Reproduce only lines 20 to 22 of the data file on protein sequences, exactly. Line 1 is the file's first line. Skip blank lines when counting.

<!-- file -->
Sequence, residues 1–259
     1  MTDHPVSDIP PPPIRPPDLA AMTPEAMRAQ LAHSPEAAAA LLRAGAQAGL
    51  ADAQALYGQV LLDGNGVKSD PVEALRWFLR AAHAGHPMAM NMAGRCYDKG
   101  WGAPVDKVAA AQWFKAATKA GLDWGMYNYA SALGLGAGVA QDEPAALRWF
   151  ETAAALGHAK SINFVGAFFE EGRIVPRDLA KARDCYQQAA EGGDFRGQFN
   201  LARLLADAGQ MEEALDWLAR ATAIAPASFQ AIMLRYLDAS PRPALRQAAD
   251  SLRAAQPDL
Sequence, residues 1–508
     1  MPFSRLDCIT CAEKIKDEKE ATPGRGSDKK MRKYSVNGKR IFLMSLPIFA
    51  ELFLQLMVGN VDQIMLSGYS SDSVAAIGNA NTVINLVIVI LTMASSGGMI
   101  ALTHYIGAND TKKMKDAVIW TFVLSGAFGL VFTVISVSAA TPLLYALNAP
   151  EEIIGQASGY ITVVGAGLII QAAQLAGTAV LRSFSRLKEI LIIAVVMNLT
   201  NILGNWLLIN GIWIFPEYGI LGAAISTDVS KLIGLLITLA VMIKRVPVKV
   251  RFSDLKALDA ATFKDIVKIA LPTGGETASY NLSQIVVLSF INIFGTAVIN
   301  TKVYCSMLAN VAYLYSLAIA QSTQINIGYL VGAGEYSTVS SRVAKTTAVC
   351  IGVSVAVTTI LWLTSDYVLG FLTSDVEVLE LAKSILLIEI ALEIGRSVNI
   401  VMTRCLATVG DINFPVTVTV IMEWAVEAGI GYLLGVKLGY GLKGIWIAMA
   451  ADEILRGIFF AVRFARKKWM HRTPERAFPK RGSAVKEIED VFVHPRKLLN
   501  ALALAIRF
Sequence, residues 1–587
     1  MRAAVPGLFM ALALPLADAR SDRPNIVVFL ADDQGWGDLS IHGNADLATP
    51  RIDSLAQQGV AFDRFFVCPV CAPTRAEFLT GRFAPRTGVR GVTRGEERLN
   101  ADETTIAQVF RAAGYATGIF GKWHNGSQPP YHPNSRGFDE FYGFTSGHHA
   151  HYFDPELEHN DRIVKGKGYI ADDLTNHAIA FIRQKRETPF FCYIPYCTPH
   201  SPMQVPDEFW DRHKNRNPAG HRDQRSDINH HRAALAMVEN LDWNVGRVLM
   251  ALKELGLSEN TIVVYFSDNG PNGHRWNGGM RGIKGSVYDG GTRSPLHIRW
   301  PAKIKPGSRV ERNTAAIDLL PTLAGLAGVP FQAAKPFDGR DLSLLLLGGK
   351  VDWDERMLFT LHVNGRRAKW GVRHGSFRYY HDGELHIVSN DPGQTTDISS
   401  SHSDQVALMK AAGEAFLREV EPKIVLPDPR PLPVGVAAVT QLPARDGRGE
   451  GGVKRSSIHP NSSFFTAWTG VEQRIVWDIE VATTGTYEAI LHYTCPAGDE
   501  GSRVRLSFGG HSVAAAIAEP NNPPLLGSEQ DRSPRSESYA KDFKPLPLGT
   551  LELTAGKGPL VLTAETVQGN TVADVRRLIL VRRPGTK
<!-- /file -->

Sequence, residues 1–587
     1  MRAAVPGLFM ALALPLADAR SDRPNIVVFL ADDQGWGDLS IHGNADLATP
    51  RIDSLAQQGV AFDRFFVCPV CAPTRAEFLT GRFAPRTGVR GVTRGEERLN